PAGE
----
Tag Archives: cornwall

Gem anemone hunt

We weren’t really rock pooling, just going for a walk to the beach, or so we said. Junior packed his hammer and chisel in case there were fossils and I packed my camera, because you never know.

On my last wander at our local beach I had hoped to find some gem anemones to photograph, but didn’t succeed. It was worth another look for these tiny creatures, which have stripy tentacles and bright colours around their mouths when they are open, but at low tide most of them are retracted into white-striped blobs.

When retracted gem anemones look rather like an urchin test with a warty surface and white stripes down their sides.
When retracted ,gem anemones look rather like an urchin test with a warty surface and white stripes down their sides.

I left the sounds of hammering and splitting rocks behind me at the edge of the shore, where Junior was happily amusing himself on a fossil hunt, and headed towards an unseasonably glassy sea, pausing to look for anemones in the small pools on the way.

At the water’s edge, I reached a large pool too deep for gem anemones, but in the middle of the pool a submerged boulder was covered in Irish moss seaweed, providing the perfect habitat for stalked jellyfish. I looked so closely among the tangles of weed, hunting for tiny jellies, that I almost missed the huge stalked jellyfish right under my nose.

Haliclystus octoradiatus stalked jelly near Looe, Cornwall
Haliclystus octoradiatus stalked jelly near Looe, Cornwall

This was an unusually large Haliclystus octoradiatus stalked jellyfish, easily distinguished from the other species we see in Cornwall by the presence of blob-shaped primary tentacles in between its arms.

Most stalked jellyfish of this species have just one primary tentacle blob between each pair of arms, but this one had far more blobs than usual. The jelly can use these primary tentacles as anchors to grip onto the seaweed if it chooses to move, using a looping, cartwheeling motion.

I've sometimes seen a stalked jelly with one extra primary tentacle blob between its arms, but this one had lots of extras.
I’ve sometimes seen a stalked jelly with one extra primary tentacle blob between its arms, but this one had lots of extras.

In another nearby pool I spotted this colourful Calvadosia cruxmelitensis stalked jellyfish, well decorated with white nematocysts, which are its stinging cells.

Calvadosia cruxmelitensis stalked jellyfish
Calvadosia cruxmelitensis stalked jellyfish

Junior joined me at this point, wanting to show me a blenny he’d found. We scrambled nearly to the top of a high rocky outcrop in which some small pools had formed. There was no sign of his little fish, and there were no gem anemones, but there was this daisy anemone.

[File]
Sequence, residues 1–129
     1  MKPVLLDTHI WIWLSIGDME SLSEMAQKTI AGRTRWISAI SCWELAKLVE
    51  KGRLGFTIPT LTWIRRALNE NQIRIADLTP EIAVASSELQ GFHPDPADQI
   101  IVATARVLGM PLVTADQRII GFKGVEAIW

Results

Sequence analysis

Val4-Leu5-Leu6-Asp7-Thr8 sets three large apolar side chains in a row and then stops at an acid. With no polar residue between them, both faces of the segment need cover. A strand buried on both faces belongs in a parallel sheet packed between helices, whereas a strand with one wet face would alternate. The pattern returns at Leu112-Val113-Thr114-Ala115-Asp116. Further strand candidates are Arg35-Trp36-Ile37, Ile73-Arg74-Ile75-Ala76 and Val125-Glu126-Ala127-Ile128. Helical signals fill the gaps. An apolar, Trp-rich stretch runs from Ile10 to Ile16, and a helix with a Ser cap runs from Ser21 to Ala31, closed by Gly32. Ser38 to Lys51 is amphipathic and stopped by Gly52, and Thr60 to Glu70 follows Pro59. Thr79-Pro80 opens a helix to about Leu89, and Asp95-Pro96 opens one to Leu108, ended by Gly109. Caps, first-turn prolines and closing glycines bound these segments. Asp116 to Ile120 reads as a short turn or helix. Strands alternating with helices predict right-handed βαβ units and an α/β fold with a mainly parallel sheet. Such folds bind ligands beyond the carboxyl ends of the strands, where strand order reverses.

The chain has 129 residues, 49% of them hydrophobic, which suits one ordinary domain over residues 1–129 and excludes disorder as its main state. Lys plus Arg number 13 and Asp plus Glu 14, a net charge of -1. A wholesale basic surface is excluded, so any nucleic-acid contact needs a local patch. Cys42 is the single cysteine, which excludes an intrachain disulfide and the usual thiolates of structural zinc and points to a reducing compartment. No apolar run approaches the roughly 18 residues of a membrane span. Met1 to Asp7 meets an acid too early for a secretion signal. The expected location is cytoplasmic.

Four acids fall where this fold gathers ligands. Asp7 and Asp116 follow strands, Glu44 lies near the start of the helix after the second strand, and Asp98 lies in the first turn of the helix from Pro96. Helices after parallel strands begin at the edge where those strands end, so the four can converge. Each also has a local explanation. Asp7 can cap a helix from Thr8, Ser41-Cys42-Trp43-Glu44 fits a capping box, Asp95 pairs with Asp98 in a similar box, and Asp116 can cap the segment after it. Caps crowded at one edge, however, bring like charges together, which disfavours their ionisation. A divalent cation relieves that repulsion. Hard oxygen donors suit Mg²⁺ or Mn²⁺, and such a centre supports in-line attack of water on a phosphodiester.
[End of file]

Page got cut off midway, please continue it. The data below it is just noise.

Daisy anemones have many layered tentacles, like daisy petals and come in all sorts of colours.
Daisy anemones have many layered tentacles, like daisy petals and come in all sorts of colours.

We carried on our expedition through a gap in the rocks to the adjoining beach where clear, shallow pools lined with pink encrusting seaweed nestled under a towering overhang carved out by the sea into the shape of a breaking wave.

Strawberry anemone
Strawberry anemone

These pools were full of anemones too and we stopped to take photos of clusters of snakelocks anemones and a rather flattened-looking strawberry anemone before I noticed the first gem anemone. It was closed up, forming a diminutive pink blob that blended perfectly into the colours of the pool. Close to it was another.

As we moved among the chain of pools we found dozens, but not a single one was open. Junior stared determinedly into every cranny, excited that the pools he had found were proving so interesting.

“There are some open anemones here,” he called out, “maybe Dahlia anemones? What do gem anemones look like when they’re open?”

I knelt on the rock beside him. At the far edge of the pool, tucked under a small ledge, I could see the white stripes of the gem anemone tentacles. Much cheering and hugging ensued.

The open gem anemones Junior found near Looe
The open gem anemones Junior found near Looe

Soon I was able to show Junior my up-close photos of the anemones so he could see why I was so obsessed with finding them. Each one had a vivid, almost fluorescent green mouth tinged with bright pink spots at its corners. The anemone’s mouths were framed in deep red and grey rays that stretched to the base of the zebra striped tentacles, some of which had flashes of green at their bases.

The mouth of the gem anemone
The mouth of the gem anemone

Truly one of our most spectacular anemones, people rarely notice the gem anemone because it is only a few centimetres across even when fully grown.

Gem anemone near Looe, Cornwall
Gem anemone near Looe, Cornwall

Junior is already planning a night time return to these pools to investigate whether these anemones will glow under the light of our ultra-violet torch. Watch this space!

Gem anemone -winter colour in the Cornish rock pools
Gem anemone -winter colour in the Cornish rock pools

Festive Rock Pooling

Tis the season for overspending, overindulgence and over-exhaustion, so what better way to recharge the batteries than some fresh air and rock pool exploration? It’s a family tradition for us this time of year to head in the opposite direction from the shops and to take a breather on the beach.

Christmas cards don’t often depict the traditional Cornish winter weather for good reason. Between the fog and the persistent mizzle, we have to imagine the view through the valley to the beach. Even when we arrive on the shore, we can barely make out the sea, although we can hear it crashing over the rocks and surging up the gullies.